So what we get is, the obligatory stunt that hinders each movie,man impressive last twenty minutes, but almost ninety minutes of waffle, Scott chewing scenery, and Cruise with his best Zoolander pose in slow motion.

It's all eye candy, and really nothing else, Hopkins shows up for a bit of plot explanation, Newton is just there to justify Cruises hatred for Scott, and Rhames comes back for a little comic relief.

It beggars belief that the franchise continued after this mess, but rest assured the film went from strength to strength after this.

So all in all, it's just a two hour advertisement for Loreal shampoo featuring Cruise.

Why? Because he's worth it....
0CommentWas this review helpful to you?YesNoReport abuse
on 3 July 2012
Well, well, Mr. Woo, we meet again. And this time around your mission - should, you choose to accept it, is to deliver the sequel to a film directed by a Brian De Palma, that boasted an eclectic cast, was based on a seminal '60s TV series and swooped alotta' dollar at the world-wide box office. Quite a proposition, certainly, but then, this is Mission Impossible.

Maybe that is the problem; maybe this is truly an impossible mission to pull off? Gone are the innumerable characters and the gloriously complicated plot. Gone, too, is an actual team to speak of (one poodles about in a helicopter and the other does little more than tap aimlessly on his laptop), and criminally absent are gadgets of any real invention.

What we're left with is Hunt... He's up against defected Agent Ambrose (Dougray Scott) Sean Bean's character from Goldeneye springs to mind when watching him, i wonder why?Exotic Love Interest (Thandie Newton), flips from aloof femme fatale to infatuated girlie in a preposterously short space of time. So, it's James Bond then. A fluid, kinetic, visually impressive one admittedly, but Bond all the same.

And it starts with a pre-credit mid-air heist (complete with mountain-top collision cliché) that culminates in the theft of both the crucial deadly virus and its only antidote. And so, enter- he of the staggering pay cheque, also known as Tom Cruise.

This, you see, without a doubt is Tom Cruise's show. From scaling cliff faces to abseiling into confined spaces (1-uping its predecessor's most famous scene), he looks nothing short of spectacular; flowing locks, chiselled jaw, toned muscles and glistening brow, all captured in mouth-watering slow-mo and longing, brooding close-up. Again and again... and again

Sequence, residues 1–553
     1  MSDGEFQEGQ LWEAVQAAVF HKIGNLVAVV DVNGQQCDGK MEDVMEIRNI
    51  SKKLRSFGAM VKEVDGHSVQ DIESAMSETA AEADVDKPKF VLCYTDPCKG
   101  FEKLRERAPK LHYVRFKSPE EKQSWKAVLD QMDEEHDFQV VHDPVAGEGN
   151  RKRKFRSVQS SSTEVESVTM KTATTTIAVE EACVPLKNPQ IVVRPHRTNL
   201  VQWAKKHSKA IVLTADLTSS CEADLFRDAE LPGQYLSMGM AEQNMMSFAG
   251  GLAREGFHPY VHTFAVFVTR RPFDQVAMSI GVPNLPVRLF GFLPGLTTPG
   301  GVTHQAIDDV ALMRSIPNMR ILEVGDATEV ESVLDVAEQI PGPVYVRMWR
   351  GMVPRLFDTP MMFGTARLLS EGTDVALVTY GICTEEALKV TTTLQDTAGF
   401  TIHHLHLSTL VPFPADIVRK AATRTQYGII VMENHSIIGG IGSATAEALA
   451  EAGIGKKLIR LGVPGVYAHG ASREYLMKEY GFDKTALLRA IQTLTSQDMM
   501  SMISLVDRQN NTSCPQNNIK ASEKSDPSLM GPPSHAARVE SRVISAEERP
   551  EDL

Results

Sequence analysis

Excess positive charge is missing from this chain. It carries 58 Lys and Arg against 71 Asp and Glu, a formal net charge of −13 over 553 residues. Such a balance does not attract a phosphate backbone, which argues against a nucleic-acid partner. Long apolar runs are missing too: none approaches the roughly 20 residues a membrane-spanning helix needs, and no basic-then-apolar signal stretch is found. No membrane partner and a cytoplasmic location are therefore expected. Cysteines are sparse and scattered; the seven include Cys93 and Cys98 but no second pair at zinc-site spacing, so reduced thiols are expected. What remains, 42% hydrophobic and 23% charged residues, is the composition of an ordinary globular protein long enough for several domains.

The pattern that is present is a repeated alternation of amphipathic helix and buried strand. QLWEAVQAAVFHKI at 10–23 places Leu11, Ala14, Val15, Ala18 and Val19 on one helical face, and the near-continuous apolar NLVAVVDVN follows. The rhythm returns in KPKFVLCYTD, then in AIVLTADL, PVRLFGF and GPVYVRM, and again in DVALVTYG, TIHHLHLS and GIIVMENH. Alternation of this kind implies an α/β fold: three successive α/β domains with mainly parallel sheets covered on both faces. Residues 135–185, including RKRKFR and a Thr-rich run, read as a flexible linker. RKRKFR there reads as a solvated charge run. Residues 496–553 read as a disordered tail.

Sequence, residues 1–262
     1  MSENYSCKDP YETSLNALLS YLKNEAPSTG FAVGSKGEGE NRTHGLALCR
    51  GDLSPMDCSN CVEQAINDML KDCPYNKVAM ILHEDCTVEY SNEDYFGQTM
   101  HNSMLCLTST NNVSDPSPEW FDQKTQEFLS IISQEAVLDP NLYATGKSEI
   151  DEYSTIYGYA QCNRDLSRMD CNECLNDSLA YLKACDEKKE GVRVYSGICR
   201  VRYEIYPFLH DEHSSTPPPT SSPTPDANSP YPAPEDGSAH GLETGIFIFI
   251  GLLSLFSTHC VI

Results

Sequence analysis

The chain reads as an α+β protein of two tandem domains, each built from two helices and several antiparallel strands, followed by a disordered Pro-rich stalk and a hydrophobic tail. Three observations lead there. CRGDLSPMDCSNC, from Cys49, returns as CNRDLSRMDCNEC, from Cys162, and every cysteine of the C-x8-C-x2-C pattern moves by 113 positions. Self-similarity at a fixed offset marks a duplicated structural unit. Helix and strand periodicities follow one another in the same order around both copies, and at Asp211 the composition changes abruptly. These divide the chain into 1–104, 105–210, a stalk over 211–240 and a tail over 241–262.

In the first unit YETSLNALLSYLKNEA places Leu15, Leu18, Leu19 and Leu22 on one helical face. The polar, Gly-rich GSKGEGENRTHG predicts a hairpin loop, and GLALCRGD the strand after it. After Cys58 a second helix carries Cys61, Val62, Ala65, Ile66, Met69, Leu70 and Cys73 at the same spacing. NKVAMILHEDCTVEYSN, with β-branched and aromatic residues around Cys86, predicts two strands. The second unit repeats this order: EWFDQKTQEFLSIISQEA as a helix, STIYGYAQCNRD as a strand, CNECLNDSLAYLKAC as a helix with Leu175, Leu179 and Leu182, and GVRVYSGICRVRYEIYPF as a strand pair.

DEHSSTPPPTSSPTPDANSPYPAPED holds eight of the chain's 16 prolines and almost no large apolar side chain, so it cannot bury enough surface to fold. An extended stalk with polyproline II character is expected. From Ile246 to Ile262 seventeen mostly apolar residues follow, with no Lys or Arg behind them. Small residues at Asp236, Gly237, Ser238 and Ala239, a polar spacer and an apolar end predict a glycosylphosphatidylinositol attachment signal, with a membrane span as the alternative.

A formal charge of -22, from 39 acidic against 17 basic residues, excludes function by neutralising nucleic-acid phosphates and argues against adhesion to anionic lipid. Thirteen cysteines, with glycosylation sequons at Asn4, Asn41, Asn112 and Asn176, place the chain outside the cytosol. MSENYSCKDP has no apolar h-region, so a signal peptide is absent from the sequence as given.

Which inevitably throws into question who was really wearing the trousers when this film was made? It just doesn't really feel like a John Woo film the whole thing smells of over-indulgence that has an aftertaste of the excessive. At some points the cheese metre seems to go beyond even Schwarzenegger levels into some weird place that feels like a loreal advert with guns in it. I think the answer seems fairly clear who was in the driving seat for this film.

I am not saying that this film was bad on any level but if Tom Cruise wasn't on board as a producer, the vanity element would have been turned down dramatically and John Woo could have done his awesome thing and this would have rivalled the original film. As it stands Tom Cruise wanted to make this film so he could look extremely bad ass, and he does, but as a result the film ends up being a good but forgettable action flick with little substance beyond slow motion hair flicking.
0CommentWas this review helpful to you?YesNoReport abuse
Customers who viewed this item also viewed

M:I-3 [Blu-ray] [2006] [Region Free]
M:I-3 [Blu-ray] [2006] [Region Free] by Tom Cruise (Blu-ray - 2011)

Send us feedback

How can we make Amazon Customer Reviews better for you?
Let us know here.